In order to start investing your money, you need to create a Company. A Company will license all its technology from a Seal Company. Seal Companies are not run by players. There are four main Seal Companies: PGI, Mariko, Dissidents and Moab.
When you create a company, you must choose the Seal you want to associate with. This will determine what you will be able to build, the technologies that will be available to you, and how your buildings will look and perform. Making good use of each Seal's advantages while minimizing their inherent drawbacks is a fine art.
It is crucial to know how to grow a company. Some players tend to go big too soon, and end up bankrupt. Others remain small for too long and end up watching other players who joined the world after them taking the lead.
In the following pages we will give you some basic company management concepts in Starpeace Online. The practical details of how these concepts are implemented, and the steps you must follow to apply them are omitted for the sake of simplicity. For a more detailed explanation about these procedures check the Tutorials chapter.
Firstly, we recommend that you join a world that is already populated. A population of around 300,000 inhabitants isn't usually too dense or sparse. Why worlds with some development are better than new worlds? In worlds were there are already significant investments, it is more likely to find market niches. New worlds are usually economically immature, so they are in a stage where they still need to attract inhabitants, and this is something you may not want to deal with when you are new at the game.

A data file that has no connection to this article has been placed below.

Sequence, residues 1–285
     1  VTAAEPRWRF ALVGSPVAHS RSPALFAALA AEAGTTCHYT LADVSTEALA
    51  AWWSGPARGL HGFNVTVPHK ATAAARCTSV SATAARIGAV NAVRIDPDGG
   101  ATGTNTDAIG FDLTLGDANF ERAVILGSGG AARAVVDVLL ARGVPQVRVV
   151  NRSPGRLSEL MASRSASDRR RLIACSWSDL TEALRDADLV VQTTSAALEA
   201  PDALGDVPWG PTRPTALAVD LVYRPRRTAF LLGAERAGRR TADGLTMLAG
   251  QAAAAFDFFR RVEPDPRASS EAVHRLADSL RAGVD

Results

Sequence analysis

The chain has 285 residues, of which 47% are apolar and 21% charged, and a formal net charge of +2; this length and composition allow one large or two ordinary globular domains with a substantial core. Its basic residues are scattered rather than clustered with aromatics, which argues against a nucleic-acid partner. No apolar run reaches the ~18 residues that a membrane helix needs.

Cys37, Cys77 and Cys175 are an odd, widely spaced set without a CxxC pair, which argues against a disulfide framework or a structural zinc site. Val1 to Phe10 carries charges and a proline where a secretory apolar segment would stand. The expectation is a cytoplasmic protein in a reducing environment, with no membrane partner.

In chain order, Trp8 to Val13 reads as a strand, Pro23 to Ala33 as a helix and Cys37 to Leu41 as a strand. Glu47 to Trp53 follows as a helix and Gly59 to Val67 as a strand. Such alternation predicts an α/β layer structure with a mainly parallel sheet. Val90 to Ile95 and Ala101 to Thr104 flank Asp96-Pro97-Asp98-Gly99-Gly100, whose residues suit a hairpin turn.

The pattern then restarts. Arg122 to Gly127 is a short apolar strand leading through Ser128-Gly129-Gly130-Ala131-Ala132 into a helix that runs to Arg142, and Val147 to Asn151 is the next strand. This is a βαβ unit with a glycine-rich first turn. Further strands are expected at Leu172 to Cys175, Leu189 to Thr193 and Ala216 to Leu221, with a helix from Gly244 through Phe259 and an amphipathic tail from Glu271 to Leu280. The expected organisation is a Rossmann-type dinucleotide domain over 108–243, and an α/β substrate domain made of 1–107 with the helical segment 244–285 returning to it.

So let's imagine you found the right world and you created your first company there. Since this section is not a tutorial, we will skip steps like building company headquarters and making the initial research.
There are hundreds of ways you could structure a company. Here we will introduce you to one. This one is based on commerce, and usually allows you to later grow your company with reasonable speed and security.
There is a natural tendency for more established players to overlook some opportunities in the commerce sector. You will find these opportunities by inspecting the Town Hall. Once you have found which commerce areas you could exploit, you will proceed to build commerce outlets.
Every time you build a store, it will automatically try to buy supplies from all the warehouses in the world. The simulated people who work at your company's headquarters will decide from which warehouse to buy, based on price and transportation costs. This means that at the beginning your company will comprise only the stores and the headquarters.
This would be the first stage of the company. Its structure, if drawn, would look like the following picture:
Your company could go really far following this scheme. However, this configuration has a major flaw: In the event there is a lack of supplies, you would have to add more warehouses to the list of potential suppliers for all your stores. This is not particularly difficult since there is a button in the interface of warehouses that will do that, but it's identifying the source of the problem that could prove difficult when so many relationships are involved.